At first ridiculed as Seward's Folly, the purchase was thought unwise by most Americans. This was to change with the discovery of massive gold deposits in the Klondike in 1897 and 1898. Alaska's vast oil reserves were to prove crucial to the United States in the 20th century, as they still are. The addition of Alaska increased the United States' area by almost 20 percent. Income from its many resources—petroleum, timber, minerals, fishing and the like—amounts to tens of billions of dollars each year.
Winston Churchill, in his monumental work A History of the English Speaking Peoples, marveled about America: "The population west of the Mississippi rose in thirty years from about five millions in 1860 to almost eighteen millions, while the number of states in the Union increased from thirtythree to forty-four. By 1890 only four more states remained to be carved out of the West. These were Utah, Oklahoma, New Mexico, and Arizona, all admitted to the Union by 1912, when the political shape of the country became complete" (1958,Vol. 4, p. 318).
"The colonisation begun at Jamestown, Virginia, almost three centuries before," concluded Churchill, "was now complete" (ibid., p. 322).
A new international role
With the West settled and the country secure, with peaceful neighbors and territory that stretched from the Atlantic to the Pacific, America was free to turn its attention outward. At a point when the idea of empire had taken hold of the major European nations, America was set to acquire an empire of its own. The catalyst was the Spanish-American War, in 1898, a 16-week armed conflict that catapulted the United States into worldpower status.
This short war was notable for a remarkable succession of U.S. military victories. In the subsequent Treaty of Paris, Cuba gained independence while the United States acquired Puerto Rico, Guam and the Philippines, strategically located possessions that gave America a strong regional presence. This war also did much to unite North and South and bury some of the old antagonisms of the Civil War.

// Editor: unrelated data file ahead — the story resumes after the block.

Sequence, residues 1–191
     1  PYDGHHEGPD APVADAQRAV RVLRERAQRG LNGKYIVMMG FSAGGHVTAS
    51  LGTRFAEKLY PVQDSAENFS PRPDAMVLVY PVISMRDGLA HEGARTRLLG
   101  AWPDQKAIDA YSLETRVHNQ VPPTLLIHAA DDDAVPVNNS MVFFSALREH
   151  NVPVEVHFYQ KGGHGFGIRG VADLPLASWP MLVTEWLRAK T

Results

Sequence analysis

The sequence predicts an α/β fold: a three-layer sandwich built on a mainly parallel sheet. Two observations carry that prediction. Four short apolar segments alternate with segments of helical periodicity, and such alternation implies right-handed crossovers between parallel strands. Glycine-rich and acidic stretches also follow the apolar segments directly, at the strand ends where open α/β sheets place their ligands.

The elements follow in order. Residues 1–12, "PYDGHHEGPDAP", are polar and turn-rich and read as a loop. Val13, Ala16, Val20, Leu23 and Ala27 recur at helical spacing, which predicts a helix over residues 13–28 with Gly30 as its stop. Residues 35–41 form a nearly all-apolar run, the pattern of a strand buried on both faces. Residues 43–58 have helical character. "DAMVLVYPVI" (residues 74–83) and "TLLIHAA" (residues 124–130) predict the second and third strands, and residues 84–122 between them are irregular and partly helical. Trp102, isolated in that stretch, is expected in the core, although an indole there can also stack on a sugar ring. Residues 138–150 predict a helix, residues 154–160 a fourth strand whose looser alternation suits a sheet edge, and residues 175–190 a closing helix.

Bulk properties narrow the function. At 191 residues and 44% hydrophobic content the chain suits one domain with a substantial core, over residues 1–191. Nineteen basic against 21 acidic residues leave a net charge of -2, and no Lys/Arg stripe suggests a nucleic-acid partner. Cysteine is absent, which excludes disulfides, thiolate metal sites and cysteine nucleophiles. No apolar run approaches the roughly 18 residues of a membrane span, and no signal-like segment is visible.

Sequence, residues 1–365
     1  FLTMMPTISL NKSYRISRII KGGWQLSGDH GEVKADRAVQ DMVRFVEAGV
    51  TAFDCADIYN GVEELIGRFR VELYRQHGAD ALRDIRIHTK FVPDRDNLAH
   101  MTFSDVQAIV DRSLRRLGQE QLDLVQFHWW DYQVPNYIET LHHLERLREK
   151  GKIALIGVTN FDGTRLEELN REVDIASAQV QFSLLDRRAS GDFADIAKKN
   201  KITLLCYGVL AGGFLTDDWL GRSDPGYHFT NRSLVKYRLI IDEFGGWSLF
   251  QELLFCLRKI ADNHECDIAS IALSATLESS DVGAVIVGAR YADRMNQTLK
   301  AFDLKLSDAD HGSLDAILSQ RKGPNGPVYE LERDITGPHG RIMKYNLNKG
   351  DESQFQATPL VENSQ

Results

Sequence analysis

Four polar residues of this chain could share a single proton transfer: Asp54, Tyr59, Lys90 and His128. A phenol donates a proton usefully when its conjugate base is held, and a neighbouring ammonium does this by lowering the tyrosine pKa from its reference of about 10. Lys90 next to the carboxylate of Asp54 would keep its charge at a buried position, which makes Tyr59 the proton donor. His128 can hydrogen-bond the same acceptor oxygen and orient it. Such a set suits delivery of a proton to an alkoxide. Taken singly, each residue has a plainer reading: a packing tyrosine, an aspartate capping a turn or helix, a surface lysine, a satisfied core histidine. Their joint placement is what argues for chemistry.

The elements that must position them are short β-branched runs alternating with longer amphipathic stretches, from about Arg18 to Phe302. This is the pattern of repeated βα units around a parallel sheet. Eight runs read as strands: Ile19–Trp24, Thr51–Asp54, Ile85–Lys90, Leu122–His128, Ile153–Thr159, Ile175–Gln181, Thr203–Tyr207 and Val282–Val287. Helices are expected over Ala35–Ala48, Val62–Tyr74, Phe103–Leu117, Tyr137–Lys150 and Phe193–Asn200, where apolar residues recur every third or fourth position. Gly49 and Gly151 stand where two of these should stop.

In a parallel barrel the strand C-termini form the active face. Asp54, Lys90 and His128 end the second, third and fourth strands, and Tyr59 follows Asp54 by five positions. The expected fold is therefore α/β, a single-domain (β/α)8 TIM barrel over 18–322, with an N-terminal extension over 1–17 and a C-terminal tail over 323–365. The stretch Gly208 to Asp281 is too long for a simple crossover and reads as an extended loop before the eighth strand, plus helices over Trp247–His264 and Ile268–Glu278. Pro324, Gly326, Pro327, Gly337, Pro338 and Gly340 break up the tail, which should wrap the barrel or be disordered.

The next two years were to see the acquisition in the Pacific of Hawaii, part of Samoa and Wake Island. A few years later America built the Panama Canal, a crucial strategic waterway that allowed speedy passage of merchant and military vessels from one ocean to the other. America approached the 20th century as an industrial and military power with colonies of its own. It had not yet achieved its destiny but was well on the way.
Two nations with much in common
Although America had spent a century busily expanding westward, the British had spread all over the world, colonizing territories on every inhabited continent.
The population and area of the British Empire was far greater than that of the United States. Canada alone was bigger than the United States, and Australia was an island continent as large as the 48 contiguous states. British possessions in Africa covered a landmass larger than the United States, and India was the home of the second-greatest populace in the world.
Many island possessions and other large territories added even more to Britain's strength. The empire had exported its system of government to almost all of its colonial possessions, each of which now had its own parliamentary form of government, with the rule of law and basic freedoms considered the right of every imperial subject.
In 1897, on Queen Victoria's Diamond Jubilee (the 60th anniversary of her accession to the throne), the British celebrated the zenith of their power. Queen Victoria herself had done a great deal to promote British interests. Her children and grandchildren married into almost all the royal households of Europe, giving Britain considerable influence not only on the Continent but around the world.
The Pax Britannica—British peace— was this period of British dominance. During Victoria's 64-year reign not one day passed in which British soldiers were not in conflict somewhere maintaining this peace. The British people, as were their American cousins, were busy conquering and developing the areas of the world in which they settled, domesticating the wilderness and bringing unparalleled prosperity to the peoples over which they ruled.
Remarkable prophecies of the last days
How can we explain the remarkable— some would rightly call it miraculous—rise of the United States and the British Empire?